Tips for Managing Tinnitus

Tips for Managing Tinnitus

In Tinnitus by Michael L. Schneller, HIS

Michael L. Schneller, HIS

Michael’s father, Lee F. Schneller, started his first hearing clinic in Garden City, Kansas in 1971. The foundation of hearing aid knowledge Michael acquired while working in the state of Kansas helped pave the way so Michael could expand his studies in California, Minnesota, and Florida.
Michael L. Schneller, HIS

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Tinnitus is a condition affecting at least 45 million people in the United States, according to the Centers for Disease Control, and it makes it quite difficult to concentrate at work, at school, and with friends and loved ones. It is a condition where there is a persistent ringing in your ears that only you can hear. Tinnitus does not only sound like ringing, however. It can produce a variety of sounds including buzzing, clicking, hissing, as well as whistling. These sounds are sometimes called “phantom sounds” and they can have a range of pitches (from low to high) occurring in one or both of your ears.

Understanding Tinnitus

It is important to know that tinnitus is a sign of another, underlying condition of the inner, middle, or outer ear. Often, the cause of this blockage can be built up ear wax blocking the ear (this can be treated by flushing the ear with warm water). It may be that the ear has become infected, and that you should consult a health professional to determine the best treatment for you, whether that be flushing the ear and/or a course of antibiotics. Tinnitus can also be caused by sustained or sudden exposure to loud sounds, as happens after a loud concert or after working in loud workplaces. It can also be caused by injuries like head-on collisions during athletic

Seeking Treatment for Tinnitus

One-third of Americans find that their tinnitus debilitating enough to seek medical attention in the hopes of soothing their symptoms and finding relief. Indeed, while tinnitus affects the ear, it has wide-ranging effects on your overall well-being. In fact, tinnitus has been linked to insomnia and to anxiety, depression, and general irritability. There are some treatments for tinnitus, but there is unfortunately no cure. Managing tinnitus thereby requires careful consideration and dedication. It is firstly important to understand when, exactly, your tinnitus feels the most stressful. When tinnitus occurs can be unpredictable but some people find that it gets worse in the evenings, especially before sleep, when it is generally quieter and there are fewer sounds that would otherwise mask the ringing.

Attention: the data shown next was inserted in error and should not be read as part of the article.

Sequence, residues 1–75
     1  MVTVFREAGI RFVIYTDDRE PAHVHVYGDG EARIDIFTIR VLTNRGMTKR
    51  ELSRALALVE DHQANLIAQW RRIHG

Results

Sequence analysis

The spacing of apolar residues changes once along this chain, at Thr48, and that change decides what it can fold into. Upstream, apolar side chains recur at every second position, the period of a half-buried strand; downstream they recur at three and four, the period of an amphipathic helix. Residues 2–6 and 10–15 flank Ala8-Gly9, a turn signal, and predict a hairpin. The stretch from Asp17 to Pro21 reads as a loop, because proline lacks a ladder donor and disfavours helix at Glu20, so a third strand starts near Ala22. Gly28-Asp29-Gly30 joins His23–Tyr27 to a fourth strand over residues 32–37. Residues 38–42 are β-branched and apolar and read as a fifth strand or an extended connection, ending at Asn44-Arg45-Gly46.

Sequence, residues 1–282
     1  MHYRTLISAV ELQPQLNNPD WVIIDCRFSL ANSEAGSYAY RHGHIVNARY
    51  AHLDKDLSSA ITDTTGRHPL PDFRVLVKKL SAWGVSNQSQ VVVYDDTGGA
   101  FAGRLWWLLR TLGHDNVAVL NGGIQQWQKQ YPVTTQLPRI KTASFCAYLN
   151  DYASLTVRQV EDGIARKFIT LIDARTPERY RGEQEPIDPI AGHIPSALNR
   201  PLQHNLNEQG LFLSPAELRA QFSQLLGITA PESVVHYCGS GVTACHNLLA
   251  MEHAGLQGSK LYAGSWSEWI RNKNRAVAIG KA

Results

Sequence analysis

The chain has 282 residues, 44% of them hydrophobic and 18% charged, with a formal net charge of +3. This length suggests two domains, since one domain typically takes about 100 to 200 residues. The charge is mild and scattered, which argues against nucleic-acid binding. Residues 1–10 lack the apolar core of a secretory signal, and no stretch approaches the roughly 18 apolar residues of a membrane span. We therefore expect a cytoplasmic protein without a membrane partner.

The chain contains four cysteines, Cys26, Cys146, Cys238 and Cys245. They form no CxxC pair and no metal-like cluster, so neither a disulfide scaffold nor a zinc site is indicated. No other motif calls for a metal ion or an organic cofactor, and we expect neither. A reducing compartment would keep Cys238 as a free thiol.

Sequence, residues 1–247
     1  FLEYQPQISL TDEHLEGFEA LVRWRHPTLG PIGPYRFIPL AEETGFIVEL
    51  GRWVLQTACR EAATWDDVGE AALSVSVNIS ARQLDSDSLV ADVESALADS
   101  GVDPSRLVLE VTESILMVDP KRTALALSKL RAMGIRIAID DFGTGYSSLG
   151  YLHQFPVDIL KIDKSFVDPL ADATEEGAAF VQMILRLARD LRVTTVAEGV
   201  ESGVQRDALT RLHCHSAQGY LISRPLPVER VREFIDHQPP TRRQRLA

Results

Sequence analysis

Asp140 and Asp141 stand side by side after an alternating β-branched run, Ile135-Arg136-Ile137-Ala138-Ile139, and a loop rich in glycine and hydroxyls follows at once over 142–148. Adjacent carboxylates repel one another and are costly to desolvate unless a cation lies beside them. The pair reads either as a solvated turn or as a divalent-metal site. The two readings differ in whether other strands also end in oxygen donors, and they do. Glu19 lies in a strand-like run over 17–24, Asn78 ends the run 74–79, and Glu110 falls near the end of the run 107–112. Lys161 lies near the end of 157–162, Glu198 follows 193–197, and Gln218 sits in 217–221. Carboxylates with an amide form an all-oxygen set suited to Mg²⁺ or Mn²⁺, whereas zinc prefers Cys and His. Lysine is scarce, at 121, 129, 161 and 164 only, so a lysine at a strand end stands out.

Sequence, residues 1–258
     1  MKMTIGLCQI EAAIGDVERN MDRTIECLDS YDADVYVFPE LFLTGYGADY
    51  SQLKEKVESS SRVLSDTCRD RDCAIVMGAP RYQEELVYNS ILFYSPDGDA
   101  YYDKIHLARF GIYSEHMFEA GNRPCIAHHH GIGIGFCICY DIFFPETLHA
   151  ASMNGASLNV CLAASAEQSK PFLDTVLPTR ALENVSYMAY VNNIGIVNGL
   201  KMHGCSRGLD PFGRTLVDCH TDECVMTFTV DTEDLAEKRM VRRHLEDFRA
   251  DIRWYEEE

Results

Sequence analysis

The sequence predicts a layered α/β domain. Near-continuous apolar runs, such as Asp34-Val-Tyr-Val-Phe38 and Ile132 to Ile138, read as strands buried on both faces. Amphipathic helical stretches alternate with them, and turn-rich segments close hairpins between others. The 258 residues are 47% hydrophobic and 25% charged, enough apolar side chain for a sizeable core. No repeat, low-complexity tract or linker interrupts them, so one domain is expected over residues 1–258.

After you have determined when your tinnitus most affects you, you can think of the best way to manage it. One method is meditation. It may seem counterintuitive to manage tinnitus by being quiet—an activity that can feel unbearable for people with an ongoing ringing in their ears. People with tinnitus often meditate by specifically focusing on the ringing in their ears. Some forms of meditation ask you to remain focused on a single thought or sets of thoughts and spending time thinking about the sounds in your ears—what other sounds do they sound like, what is the volume and nature of the sounds—can in fact become calming and helpful for settling in one’s own body.

Hearing Aids and Sound Therapy

One of the most common treatments of the symptoms of tinnitus is sound therapy. In sound therapy, external noise such as background music or a white noise machine is used to mask the perception of tinnitus. Sound therapy only provides temporary relief, however. As the external noise is removed, the person experiencing tinnitus will again sense a ringing or another persistent and distracting sound.

Hearing aids are another treatment of tinnitus and they can provide long-lasting relief. Hearing aids amplify external sounds and the environmental sounds that a hearing aid can pick up can help redirect the listener’s attention away from the ringing of tinnitus.

Finally, another key therapy used to treat tinnitus is called tinnitus retraining therapy. Through this therapy, the auditory system is retrained to understand the sounds of tinnitus not as abnormal and distracting sounds, but as natural sounds. This therapy is conducted by a trained hearing health professional who wears a device that gives off a low-level white noise. Tinnitus retraining therapy sessions can over time help people deal effectively with their distracting symptoms. As with most health treatments, tinnitus retraining therapy really only works in proportion to how severe the condition is.

Focus Hearing

Our hearing health is deeply connected to how we feel about ourselves and our surroundings, and when something like the aggravating distractions of tinnitus are present every day, our mental health can wane. Being aware of the signs, symptoms, and management of tinnitus can go a long way in ensuring your overall hearing health, to be sure, as well as your mental health. If you’ve experienced challenges with hearing or tinnitus, contact us at Focus Hearing today.